finally a great film about school – L’Express

France records a historic drop in math levels – LExpress

In a previous column, I talked about Teddy Lussi-Modeste’s film, No waves, the story of a suburban teacher wrongly accused of harassment by one of his students. I regretted the director’s lack of personal commitment, missing out on the great film on the current state of education in certain establishments. But here isAmal, Jawad Rhalib’s film shows that you don’t necessarily need personal commitment to make a great film successful.

Amal is a teacher in a high school in Brussels. We might as well say it right away, Lubna Azabal, the actress who plays the title role, is very strong and magnificent. It’s not a spoiler to announce what we learn at the end: in Belgium, religious education is compulsory in schools, which must all offer religion courses, whether Catholic, Protestant, Jewish or Muslim. It is up to parents to enroll their children, but those who do not want to take religion classes are not exempt from moral classes.

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Ignoring this important detail, I wondered throughout the film what this school was like where almost all the students are Arab and take Koranic lessons. The French teacher is also Arab, but not very versed in religion. Amal lives with a guy who doesn’t seem very religious either. She is dealing with a class full of diversity, but not very receptive. She has trouble with her teenagers. We feel like she’s not going to make it. She attacks a mountain of ignorance, prejudice, arrogance, indiscipline, a pack of madmen looking for prey to satisfy their violence.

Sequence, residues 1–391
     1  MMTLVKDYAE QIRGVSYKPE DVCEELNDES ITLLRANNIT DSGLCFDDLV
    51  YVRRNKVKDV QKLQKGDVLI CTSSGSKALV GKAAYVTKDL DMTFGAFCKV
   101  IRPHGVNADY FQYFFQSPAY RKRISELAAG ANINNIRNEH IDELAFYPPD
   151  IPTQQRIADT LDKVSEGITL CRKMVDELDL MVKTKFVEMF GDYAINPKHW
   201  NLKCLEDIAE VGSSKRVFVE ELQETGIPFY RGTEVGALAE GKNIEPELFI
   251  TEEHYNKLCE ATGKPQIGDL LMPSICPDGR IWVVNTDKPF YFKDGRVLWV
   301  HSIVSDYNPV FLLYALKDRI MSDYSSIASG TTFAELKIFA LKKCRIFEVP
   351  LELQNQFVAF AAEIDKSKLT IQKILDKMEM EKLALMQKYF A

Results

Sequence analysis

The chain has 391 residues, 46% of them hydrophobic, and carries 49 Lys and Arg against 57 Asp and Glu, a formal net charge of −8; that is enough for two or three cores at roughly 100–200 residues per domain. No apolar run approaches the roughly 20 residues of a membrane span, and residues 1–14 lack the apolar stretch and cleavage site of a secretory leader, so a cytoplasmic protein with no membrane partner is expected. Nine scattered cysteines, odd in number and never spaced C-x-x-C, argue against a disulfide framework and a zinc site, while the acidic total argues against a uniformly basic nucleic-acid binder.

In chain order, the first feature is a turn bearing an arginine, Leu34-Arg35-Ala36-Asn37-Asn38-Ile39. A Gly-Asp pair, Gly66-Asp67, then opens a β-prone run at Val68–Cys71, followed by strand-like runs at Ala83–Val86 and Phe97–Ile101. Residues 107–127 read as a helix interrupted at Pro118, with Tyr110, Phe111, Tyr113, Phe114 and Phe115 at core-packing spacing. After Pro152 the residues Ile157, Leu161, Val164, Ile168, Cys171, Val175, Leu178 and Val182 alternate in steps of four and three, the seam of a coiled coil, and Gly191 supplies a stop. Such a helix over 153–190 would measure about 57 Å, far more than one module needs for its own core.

In Lussi-Modeste’s film, the escapist victim is the professor. There, it’s Mouna, one of the students, suspected of being a “dyke” and accused of thus blaspheming Allah. She defends herself via social networks, but we quickly understand that she will not be able to win.

The ultimate taboo: beauty

As in Lussi-Modeste’s film, the college management has only one objective: no waves. But in Rhalib’s film, the teachers are much more courageous, and, despite her cowardice, the director, played by Catherine Salée, does not become the incarnation of absolute evil. His blindness has limits, which was not the case for the infectious director of the French college, played by Francis Leplay.

The two films also respond to each other on a question which is not mentioned as such, the ultimate taboo: beauty. In No waves, the slanderer is as remarkably beautiful as the “satanic dyke” in Amal. But all the paths to lynching pass through sex, from the clumsy caricature that students pass on in class, sneering, to the filthy messages on the Internet, to the giant tags on the walls of one’s house and to all the homophobic insults that result to Islamist-style beheading animations.

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Why in films are characters whose sexuality escapes the norm almost always beauties? Could it be that the public, since the dawn of time, in the theater then in the cinema, cannot conceive of heroes without the dazzling physical charm which marks them as creatures of the devil? And, in “real life”, does their beauty necessarily make them marginalized, or is it their marginality that beautifies them? Don’t count on me to answer.

As for the incarnation of evil, we cannot escape it. It’s Fabrizio Rongione who’s doing it. He is perfect in the role of Nabil, the professor of Koranic education, fomenter of trouble, so clean about himself, calm, suit and tie, well-trimmed beard, and who in this calm, honeyed voice, tells you the worst nonsense of the kind of moratorium on the stoning of adulterous women. With him, we don’t ask ourselves aesthetic questions, we just want to punch him in the face. Like in all successful films.

Christophe Donner, writer